Inulin added electrospun composite nanofibres by electrospinning for the encapsulation of probiotics: characterisation and assessment of viability during storage and simulated gastrointestinal digestion

Duman D., KARADAĞ A.

International Journal of Food Science and Technology, vol.56, no.2, pp.927-935, 2021 (SCI-Expanded) identifier identifier

  • Publication Type: Article / Article
  • Volume: 56 Issue: 2
  • Publication Date: 2021
  • Doi Number: 10.1111/ijfs.14744
  • Journal Name: International Journal of Food Science and Technology
  • Journal Indexes: Science Citation Index Expanded (SCI-EXPANDED), Scopus, Academic Search Premier, Aerospace Database, Agricultural & Environmental Science Database, Aquatic Science & Fisheries Abstracts (ASFA), BIOSIS, Biotechnology Research Abstracts, CAB Abstracts, Chemical Abstracts Core, Communication Abstracts, Compendex, Food Science & Technology Abstracts, INSPEC, Metadex, Veterinary Science Database, Civil Engineering Abstracts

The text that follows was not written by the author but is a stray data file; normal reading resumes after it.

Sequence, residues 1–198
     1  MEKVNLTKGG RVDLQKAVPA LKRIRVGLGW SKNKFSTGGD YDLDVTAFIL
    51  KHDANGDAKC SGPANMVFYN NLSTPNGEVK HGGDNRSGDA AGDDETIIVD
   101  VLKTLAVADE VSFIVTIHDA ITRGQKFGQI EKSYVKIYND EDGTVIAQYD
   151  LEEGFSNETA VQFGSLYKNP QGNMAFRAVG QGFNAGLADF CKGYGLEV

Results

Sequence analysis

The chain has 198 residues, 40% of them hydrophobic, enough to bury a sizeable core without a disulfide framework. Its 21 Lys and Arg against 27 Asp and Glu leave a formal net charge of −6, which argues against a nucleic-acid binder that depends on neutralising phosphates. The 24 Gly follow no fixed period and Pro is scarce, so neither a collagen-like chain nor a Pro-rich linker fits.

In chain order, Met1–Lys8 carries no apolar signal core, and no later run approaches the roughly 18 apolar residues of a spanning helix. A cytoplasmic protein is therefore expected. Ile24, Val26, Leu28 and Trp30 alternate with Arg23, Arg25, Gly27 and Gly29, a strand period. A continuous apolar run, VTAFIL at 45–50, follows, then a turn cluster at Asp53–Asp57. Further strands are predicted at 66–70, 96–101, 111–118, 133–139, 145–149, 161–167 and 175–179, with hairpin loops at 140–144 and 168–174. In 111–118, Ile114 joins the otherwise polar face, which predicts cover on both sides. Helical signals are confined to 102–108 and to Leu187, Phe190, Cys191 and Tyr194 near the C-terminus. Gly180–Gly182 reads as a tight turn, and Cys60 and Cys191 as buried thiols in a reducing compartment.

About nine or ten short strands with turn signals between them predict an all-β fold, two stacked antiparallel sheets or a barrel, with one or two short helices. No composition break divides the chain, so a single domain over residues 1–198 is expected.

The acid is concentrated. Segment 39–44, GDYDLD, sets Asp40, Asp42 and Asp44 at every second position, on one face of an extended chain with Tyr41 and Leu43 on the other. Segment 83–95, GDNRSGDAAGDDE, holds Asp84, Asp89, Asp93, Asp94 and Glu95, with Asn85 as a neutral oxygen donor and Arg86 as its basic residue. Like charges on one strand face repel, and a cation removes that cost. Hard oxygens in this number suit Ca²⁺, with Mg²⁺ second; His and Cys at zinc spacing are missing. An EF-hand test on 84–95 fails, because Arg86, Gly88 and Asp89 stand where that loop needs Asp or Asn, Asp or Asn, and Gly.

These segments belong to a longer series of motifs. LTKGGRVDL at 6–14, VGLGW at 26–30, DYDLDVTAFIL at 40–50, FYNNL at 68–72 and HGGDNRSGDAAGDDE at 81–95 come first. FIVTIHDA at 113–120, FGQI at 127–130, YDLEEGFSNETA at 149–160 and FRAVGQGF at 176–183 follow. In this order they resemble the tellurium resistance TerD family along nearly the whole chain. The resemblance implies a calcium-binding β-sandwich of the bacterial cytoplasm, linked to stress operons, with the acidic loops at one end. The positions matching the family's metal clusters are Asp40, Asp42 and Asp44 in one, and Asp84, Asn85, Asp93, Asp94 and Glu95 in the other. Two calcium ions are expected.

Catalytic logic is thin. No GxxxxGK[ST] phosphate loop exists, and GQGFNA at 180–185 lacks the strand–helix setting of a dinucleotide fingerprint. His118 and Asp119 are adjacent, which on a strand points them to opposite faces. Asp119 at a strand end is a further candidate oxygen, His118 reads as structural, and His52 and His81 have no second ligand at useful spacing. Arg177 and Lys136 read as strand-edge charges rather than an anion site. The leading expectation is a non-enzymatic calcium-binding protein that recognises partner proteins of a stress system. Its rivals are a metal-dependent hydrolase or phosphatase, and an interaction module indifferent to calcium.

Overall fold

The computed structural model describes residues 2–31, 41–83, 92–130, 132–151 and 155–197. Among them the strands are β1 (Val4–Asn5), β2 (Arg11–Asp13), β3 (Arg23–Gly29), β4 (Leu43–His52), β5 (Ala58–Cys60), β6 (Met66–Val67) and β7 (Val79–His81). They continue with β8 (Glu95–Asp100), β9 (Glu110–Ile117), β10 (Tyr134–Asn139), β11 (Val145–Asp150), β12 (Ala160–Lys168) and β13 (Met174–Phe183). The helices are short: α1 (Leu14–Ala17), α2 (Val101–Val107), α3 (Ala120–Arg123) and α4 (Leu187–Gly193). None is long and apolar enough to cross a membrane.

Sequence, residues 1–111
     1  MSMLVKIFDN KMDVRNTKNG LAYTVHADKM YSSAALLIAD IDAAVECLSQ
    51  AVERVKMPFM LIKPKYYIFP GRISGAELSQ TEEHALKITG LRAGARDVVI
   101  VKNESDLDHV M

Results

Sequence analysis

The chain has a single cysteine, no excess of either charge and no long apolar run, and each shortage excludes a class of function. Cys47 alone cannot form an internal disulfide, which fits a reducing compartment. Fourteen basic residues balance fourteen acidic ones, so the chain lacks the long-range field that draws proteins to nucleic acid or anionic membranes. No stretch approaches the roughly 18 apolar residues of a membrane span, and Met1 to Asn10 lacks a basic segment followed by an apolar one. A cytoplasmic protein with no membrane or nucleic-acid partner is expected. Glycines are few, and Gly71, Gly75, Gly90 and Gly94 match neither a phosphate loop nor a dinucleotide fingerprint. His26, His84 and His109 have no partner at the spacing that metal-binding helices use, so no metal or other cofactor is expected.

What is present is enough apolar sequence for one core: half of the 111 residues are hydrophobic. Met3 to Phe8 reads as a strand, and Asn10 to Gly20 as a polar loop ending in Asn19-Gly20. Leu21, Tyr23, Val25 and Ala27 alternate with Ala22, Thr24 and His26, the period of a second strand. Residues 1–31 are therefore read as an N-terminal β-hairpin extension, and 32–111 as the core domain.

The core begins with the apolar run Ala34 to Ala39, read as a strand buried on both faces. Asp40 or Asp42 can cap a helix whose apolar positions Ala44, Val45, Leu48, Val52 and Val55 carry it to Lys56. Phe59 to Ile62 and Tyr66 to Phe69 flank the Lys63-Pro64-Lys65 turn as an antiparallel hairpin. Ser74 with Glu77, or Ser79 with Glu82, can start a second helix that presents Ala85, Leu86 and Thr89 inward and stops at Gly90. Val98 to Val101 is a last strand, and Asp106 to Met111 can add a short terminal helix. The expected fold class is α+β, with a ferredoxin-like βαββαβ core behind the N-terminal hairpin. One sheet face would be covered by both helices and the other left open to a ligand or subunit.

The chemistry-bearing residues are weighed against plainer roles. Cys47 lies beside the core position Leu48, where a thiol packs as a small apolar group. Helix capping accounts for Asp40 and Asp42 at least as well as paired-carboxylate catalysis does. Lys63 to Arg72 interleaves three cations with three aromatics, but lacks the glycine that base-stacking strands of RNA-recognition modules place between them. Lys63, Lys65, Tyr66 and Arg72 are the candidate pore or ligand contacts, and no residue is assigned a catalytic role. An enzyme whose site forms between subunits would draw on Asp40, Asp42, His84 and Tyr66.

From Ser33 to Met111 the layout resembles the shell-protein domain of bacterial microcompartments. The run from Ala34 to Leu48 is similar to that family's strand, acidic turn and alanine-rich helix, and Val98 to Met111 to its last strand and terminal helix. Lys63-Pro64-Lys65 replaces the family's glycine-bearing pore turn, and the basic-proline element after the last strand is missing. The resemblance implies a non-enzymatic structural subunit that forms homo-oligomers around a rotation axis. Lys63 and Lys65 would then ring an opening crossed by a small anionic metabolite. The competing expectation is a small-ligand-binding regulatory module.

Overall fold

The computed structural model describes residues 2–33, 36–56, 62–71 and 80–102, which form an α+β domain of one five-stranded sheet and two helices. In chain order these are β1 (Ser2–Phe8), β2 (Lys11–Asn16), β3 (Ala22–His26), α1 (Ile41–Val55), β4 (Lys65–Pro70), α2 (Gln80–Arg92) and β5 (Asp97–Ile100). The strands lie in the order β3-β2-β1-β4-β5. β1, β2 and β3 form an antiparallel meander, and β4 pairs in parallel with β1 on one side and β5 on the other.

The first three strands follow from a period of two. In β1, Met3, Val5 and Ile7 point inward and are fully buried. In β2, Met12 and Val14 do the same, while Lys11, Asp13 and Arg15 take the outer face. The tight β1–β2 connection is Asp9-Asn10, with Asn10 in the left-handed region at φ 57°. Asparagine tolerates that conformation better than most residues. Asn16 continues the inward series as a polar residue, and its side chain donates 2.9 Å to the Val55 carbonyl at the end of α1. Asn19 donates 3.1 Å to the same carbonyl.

• Page Numbers: pp.927-935
  • Keywords: Gastrointestinal survival, Lactobacillus fermentum, nanoencapsulation, prebiotics, FOOD
  • Yıldız Technical University Affiliated: Yes


© 2020 Institute of Food Science and TechnologyThe probiotic Lactobacillus fermentum was encapsulated in the electrospun nanofibres composed of polyvinyl alcohol, sodium alginate and three different inulin. The addition of inulin did not have a significant effect on electrical conductivity and surface tension of electrospinning solutions. Nanofibres showed uniform morphology with an average diameter between 200 and 400 nm. The encapsulation efficiency of probiotics was between 74.26% and 80.63%. FTIR analysis confirmed the presence of bacteria in the nanofibres. The addition of inulin improved the tensile strength and elongation at break values. Compared to free cells, encapsulated bacteria showed higher viability during the storage at 25, 4 and −18 °C up to 8 weeks. The survivability of cells especially encapsulated into inulin added composite nanofibres showed higher viability against simulated gastric and intestinal fluids. This study suggested that obtained composite nanofibres present a great delivery system to improve the viability of encapsulated cells against adverse conditions.